The early evidence suggests that the mayor is in a political tailspin. Latest polls show his citywide approval rating plunging from 60 per cent six months ago to just 40 per cent. "The mayor of the city is going down on the issue," commented Marvyn Kornberg, a lawyer for the four accused officers. "And his enemies are not going to let up."

Giuliani is not helped by an unhappy confluence of events. Last week, the trial got underway in another case of alleged police brutality. Five officers are being tried for the beating and torturing in 1997 of a Haitian immigrant brought into a Brooklyn precinct station after a street brawl. Abner Louima was allegedly beaten by the four arresting officers in the squad car and, once inside the station, was sodomised by an officer with the wooden handle of a toilet plunger.

Just as in the Diallo case - though to a lesser degree - Louima came to symbolise racist brutality by the police. Worse, when the story first broke, claims surfaced that one of the two officers involved in the sodomy told Louima to brace because this was "Giuliani time". It has hardly mattered that no evidence has ever surfaced that those words were ever uttered.

In an effort to blunt the criticism, the Mayor last week ordered some changes in the Street Crimes Unit - changes that officers have privately deplored. Fifty of its number are to be replaced with officers from ethnic minorities and, from last Sunday, all its members now operate in uniform.

It is not difficult to test the depth of mistrust that exists between New York's "finest" (an epithet rarely heard these days) and the city's blacks and Hispanics. As random interviews in the Bronx this week bore out, almost every non-white young man has a personal tale of harassment at the hands of the police. Above all, officers are accused of abusing their rights to "stop-and-frisk" suspects, especially if they are not white.

For Angel Rosado, 23, from Puerto Rico, it was the night he was strolling to visit his mother who lives in a housing project. He says he was picked up for "trespassing", because he was in an area of heavy drug activity and fitted the profile of a trader. He was fined $190 in court. "You can be walking down a street, and if you fit the description, they'll lock you up," he says.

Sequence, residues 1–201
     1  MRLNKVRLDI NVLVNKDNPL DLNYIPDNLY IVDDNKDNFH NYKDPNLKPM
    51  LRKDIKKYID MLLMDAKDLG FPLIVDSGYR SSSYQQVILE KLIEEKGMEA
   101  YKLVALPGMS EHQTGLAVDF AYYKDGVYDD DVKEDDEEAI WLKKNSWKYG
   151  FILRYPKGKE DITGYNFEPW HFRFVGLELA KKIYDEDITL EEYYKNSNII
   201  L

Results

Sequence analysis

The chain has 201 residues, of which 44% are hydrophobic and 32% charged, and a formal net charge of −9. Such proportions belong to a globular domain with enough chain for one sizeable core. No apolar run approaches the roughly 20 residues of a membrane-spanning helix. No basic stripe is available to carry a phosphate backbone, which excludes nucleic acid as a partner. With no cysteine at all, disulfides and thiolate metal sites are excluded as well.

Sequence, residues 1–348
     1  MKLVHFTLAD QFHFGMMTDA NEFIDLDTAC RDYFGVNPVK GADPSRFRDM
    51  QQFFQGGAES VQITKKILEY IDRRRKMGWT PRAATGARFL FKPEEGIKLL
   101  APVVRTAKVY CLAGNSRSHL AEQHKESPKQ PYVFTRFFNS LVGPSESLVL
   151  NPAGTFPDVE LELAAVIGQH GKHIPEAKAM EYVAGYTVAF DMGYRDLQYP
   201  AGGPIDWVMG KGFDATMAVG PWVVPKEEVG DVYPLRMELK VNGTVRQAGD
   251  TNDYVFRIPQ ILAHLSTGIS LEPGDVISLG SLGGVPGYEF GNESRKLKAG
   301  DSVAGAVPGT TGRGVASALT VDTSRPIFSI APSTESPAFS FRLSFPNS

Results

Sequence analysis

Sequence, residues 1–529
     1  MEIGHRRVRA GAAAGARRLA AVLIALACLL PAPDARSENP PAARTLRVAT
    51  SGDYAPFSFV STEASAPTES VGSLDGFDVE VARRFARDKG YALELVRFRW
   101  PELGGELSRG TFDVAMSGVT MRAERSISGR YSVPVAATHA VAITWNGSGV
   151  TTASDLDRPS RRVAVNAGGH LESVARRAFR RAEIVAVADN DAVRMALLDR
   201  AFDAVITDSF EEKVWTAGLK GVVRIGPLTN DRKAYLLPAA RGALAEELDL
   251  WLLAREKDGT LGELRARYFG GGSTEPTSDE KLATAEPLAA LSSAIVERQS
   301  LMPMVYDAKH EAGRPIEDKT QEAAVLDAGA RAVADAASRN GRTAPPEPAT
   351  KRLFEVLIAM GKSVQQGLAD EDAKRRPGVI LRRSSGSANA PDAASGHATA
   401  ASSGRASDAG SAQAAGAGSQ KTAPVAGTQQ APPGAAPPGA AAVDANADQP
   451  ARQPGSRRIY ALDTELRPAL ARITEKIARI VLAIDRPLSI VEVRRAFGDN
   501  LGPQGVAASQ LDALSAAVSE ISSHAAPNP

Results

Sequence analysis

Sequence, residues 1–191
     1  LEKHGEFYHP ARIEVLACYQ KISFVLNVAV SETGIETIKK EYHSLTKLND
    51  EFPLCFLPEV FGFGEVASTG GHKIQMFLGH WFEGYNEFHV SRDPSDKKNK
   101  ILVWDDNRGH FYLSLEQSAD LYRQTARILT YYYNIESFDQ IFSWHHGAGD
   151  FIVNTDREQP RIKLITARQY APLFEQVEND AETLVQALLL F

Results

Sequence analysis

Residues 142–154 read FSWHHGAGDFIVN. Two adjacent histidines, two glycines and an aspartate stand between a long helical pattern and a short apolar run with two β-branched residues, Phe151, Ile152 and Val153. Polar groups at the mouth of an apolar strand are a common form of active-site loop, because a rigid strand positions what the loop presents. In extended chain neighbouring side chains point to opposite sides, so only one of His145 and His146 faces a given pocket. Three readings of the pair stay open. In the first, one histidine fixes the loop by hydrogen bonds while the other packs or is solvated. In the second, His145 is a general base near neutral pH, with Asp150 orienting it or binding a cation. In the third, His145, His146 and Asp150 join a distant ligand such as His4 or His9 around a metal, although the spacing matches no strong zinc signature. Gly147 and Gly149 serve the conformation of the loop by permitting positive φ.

George Sims, 31, adds: "If you are a black young man, you are a marked man. I feel like a marked man. It's that crazy."

Sims recalls leaving a film set in Harlem last September - he had been working as a PA to the director Spike Lee. He had his walkie-talkie and headphones with him, but he was stopped by a squad car and roughly frisked for a weapon. The officers said that there had been a burglary in the area, and it was only when the victim arrived and could not identify him that the officers let him go. "It's the kind of crap we shouldn't have to put up with," he says.

The Louima trial is likely to extend into summer. A hearing for the four officers accused of killing Diallo has been set for 30 April. So far, tensions in the city have been contained and the demonstrations have been peaceful. What might happen if either of the trials ends in acquittal is anyone's guess, but Robert Lederman is unequivocal: "If that happens, there will be riots in the city."

If that happens, Giuliani's future looks less than secure. It even opens the possibility, previously thought remote, of a victory for Hillary Clinton at the Senate.